EDITORIAL: The Taliban are pretty confident that their talks with the US government in Doha beginning next week will mark a “new chapter” in ties between the two countries. But the Americans don’t seem to have the whole thing quite so worked out just yet.
Besides, they’ve had such an exchange before, in October, and that didn’t make for any sort of new beginning. Instead, Washington just said what it said before, that for any progress the Taliban would first have to honour commitments that they made before the US withdrawal, also in meetings in Doha, and it’s already more or less telegraphed that it is going to stick to the same position this time as well. But all that has to do with formal recognition.
The good news is that the Americans, like the Europeans, have finally decoupled official recognition, and the conditions for it, from more pressing concerns like humanitarian aid, etc.
The Biden administration’s change of heart comes in the wake of serious warnings from the United Nations (UN) and other aid organisations about an impending humanitarian catastrophe in Afghanistan, including widespread famine, collapse of the banking system and possibly a large number of deaths from the harsh Himalayan winter cold. And, with its approval ratings already dipping because of the hasty exit from the country, another PR disaster is the last thing it needs.
Yet now that it is finally engaging with the Taliban with substantial assistance also on the table, it will have to answer questions about $9 billion of Afghan central bank’s money frozen abroad and biting sanctions that are preventing even legitimate aid money from getting into the country.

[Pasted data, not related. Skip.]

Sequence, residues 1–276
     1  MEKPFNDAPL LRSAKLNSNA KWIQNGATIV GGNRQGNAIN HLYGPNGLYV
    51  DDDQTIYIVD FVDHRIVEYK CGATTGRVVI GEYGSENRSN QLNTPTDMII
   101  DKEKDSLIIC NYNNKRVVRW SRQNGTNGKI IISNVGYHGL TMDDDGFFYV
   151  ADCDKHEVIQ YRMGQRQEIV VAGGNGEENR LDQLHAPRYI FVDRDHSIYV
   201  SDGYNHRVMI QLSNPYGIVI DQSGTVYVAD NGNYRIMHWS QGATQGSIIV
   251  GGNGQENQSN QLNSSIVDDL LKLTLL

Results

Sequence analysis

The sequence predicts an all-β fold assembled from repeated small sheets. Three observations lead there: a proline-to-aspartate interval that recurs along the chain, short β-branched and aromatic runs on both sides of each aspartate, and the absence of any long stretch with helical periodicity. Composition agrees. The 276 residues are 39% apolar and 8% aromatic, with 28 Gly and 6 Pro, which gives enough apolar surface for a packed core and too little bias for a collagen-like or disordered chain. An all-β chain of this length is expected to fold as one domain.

Countries closer to Afghanistan that have more to lose in case of yet another implosion in that country, like Pakistan, China and Russia, are already pressing the US to release all frozen funds and allow more financial aid into it before it’s too late. So, hopefully, the engagement in Doha will make Washington understand how volatile the situation really is, and how much of a difference its help can make. Yet it also needs to be pointed out that the Taliban are not doing all they can to help their own cause. It is surprising that they continue to disregard their own pledges about inclusive government, minority and women’s rights, etc., for no pressing reason at all.
In fact, their regime seems to be going out of its way to show to the world that its position about the place of women in society hasn’t changed much from the last time they were in power. And that they are making such announcements now, when they know the whole world is watching and weighing pros and cons of recognising them, also shows that are not bothered about how they are seen beyond a certain extent.
That is definitely not the most subtle way to handle such a sensitive situation. Winning the war was one thing; and there’s no denying that they shocked the whole world with their resolve, commitment and strength of spirit. But running the country is a completely different ball game. And it runs into much more serious money than arranging enough to grab weapons off the black market. Therefore, unless both the US government and the new Afghan government revise their stiff positions, next week’s meetings will also not help poor ordinary Afghans who are paying very dearly for this political deadlock in which they have had no part whatsoever.
Copyright Business Recorder, 2021